Flux - A melting agent causing silica to change into a glaze.
Foot - Base of a ceramic form.
Frit - A glaze material which is derived from flux and silica which are melted together and reground into a fine powder.
Glaze - A thin coating of glass. An impervious silicate coating, which is developed in clay ware by the fusion under heat of inorganic materials.
Glaze firing - The final firing, with glaze.
Gloss Glaze - A shiny reflective gloss.
Greenware - Unfired pottery. Ready to be bisque fired.
Grog - Fired clay ground to various mesh sizes.
Kiln - A furnace of refractory clay bricks for firing pottery and for fusing glass.
Kiln Furniture - Refractory posts and shelves used for stacking pottery in the kiln for firing.
Kiln Wash - Mixture of Kaolin, flint and water.. It is painted on one side of the kiln shelves to separate any glaze drips from the shelf.
Leather Hard - Stage of the clay between plastic and bone dry. Clay is still damp enough to join it to other pieces using slip. For example, this is the stage handles are applied to mugs.
Majolica - A low fire glazing technique. The process involves applying an opaque tin glaze to earthenware and painting it with different colored oxides.
Matt Glaze - A dull glaze surface, not very reflective when fired. It needs a slow cooling period or it may turn shiny.
Mold - A plaster shape designed to pour slip cast into and let dry so the shape comes out as an exact replica of the mold.
Maturing Point - The temperature at which the clay becomes hard and durable.
Opaque Glaze - Non-transparent glaze, it covers the clay or glaze below it.
Oxidation - Firing with a full supply of oxygen. Electric kilns fire in oxidation. Oxides show bright colors.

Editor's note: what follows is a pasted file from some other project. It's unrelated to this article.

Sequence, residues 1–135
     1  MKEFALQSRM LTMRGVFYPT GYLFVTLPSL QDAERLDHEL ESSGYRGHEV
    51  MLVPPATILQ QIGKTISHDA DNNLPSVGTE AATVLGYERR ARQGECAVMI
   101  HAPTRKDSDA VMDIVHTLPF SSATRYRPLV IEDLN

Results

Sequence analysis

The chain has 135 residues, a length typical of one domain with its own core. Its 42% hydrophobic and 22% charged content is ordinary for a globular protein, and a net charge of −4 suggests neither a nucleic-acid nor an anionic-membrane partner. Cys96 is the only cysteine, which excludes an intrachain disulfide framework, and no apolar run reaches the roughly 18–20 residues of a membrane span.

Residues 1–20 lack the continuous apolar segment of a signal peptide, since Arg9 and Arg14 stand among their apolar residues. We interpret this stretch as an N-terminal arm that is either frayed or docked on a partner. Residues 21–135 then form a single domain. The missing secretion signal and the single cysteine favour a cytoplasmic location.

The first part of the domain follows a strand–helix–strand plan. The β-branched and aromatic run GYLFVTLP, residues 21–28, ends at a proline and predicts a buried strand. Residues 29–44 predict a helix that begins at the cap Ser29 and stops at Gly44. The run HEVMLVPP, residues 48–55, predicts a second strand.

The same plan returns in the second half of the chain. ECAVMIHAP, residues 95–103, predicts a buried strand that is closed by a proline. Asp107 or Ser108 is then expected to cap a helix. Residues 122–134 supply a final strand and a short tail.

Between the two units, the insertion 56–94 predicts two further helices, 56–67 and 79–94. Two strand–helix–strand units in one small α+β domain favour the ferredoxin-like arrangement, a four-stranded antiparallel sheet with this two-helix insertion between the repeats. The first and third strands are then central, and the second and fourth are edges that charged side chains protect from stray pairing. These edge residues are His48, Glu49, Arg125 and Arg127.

Peephole - A small observation hole in the wall or door of a kiln.
Pinch - Manipulate clay with you fingers in your palm to a hollow shape. Pinch pots are a popular beginners project.
Plasticity - The quality of clay which allows it to be manipulated into different shapes without cracking or breaking.
Porcelain - White stoneware, made from clay prepared from feldspar, china clay, flint and whiting.
Potters Wheel - A device with either a manual (foot powered) or an electric rotating wheel head used to sit at and make pottery forms.
Pug - To mix.
Pug Mill - A machine for mixing clay and recycling clay.
Reduction - Firing with reduced oxygen in the kiln.
Rib - A rubber, metal or wooden tool used to facilitate wheel throwing of pottery forms.
Satin Glaze - A glaze with medium reflectance, between matt and gloss.
Slab - Pressed or rolled flat sections of clay used in hand building.
Slip - Clay mixed with water with a mayonnaise consistency. Used in casting and decoration.
Slurry - A thick slip.
Soaking - Maintaining a low steady heat in the early stages of firing to achieve a uniform temperature throughout the kiln.
Stacking - Load a kiln to hold the maximum number of pieces.
Stain - Oxide and water, used as a colorant for bisque wear.
Stoneware - All ceramic wear fired between 2,100 and 2,300 degrees.
Transparent Glaze - Transmits light clearly.
Throwing - Creating ceramic shapes on the potterâÄs wheel.
Vitrification - The firing of pottery to the point of glossification.
Wedging - A method of kneading clay to make it homogenous by cutting and rolling.